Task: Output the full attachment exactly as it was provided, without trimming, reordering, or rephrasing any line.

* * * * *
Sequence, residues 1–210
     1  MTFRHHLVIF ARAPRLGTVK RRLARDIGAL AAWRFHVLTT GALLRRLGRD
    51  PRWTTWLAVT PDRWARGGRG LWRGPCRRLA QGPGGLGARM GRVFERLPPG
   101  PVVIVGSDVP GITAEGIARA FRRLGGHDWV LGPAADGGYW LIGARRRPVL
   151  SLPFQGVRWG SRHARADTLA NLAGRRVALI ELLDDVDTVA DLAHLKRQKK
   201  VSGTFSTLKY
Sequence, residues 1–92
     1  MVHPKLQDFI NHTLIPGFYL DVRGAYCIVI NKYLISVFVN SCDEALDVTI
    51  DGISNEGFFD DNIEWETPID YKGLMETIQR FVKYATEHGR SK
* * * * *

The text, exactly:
Sequence, residues 1–210
     1  MTFRHHLVIF ARAPRLGTVK RRLARDIGAL AAWRFHVLTT GALLRRLGRD
    51  PRWTTWLAVT PDRWARGGRG LWRGPCRRLA QGPGGLGARM GRVFERLPPG
   101  PVVIVGSDVP GITAEGIARA FRRLGGHDWV LGPAADGGYW LIGARRRPVL
   151  SLPFQGVRWG SRHARADTLA NLAGRRVALI ELLDDVDTVA DLAHLKRQKK
   201  VSGTFSTLKY
Sequence, residues 1–92
     1  MVHPKLQDFI NHTLIPGFYL DVRGAYCIVI NKYLISVFVN SCDEALDVTI
    51  DGISNEGFFD DNIEWETPID YKGLMETIQR FVKYATEHGR SK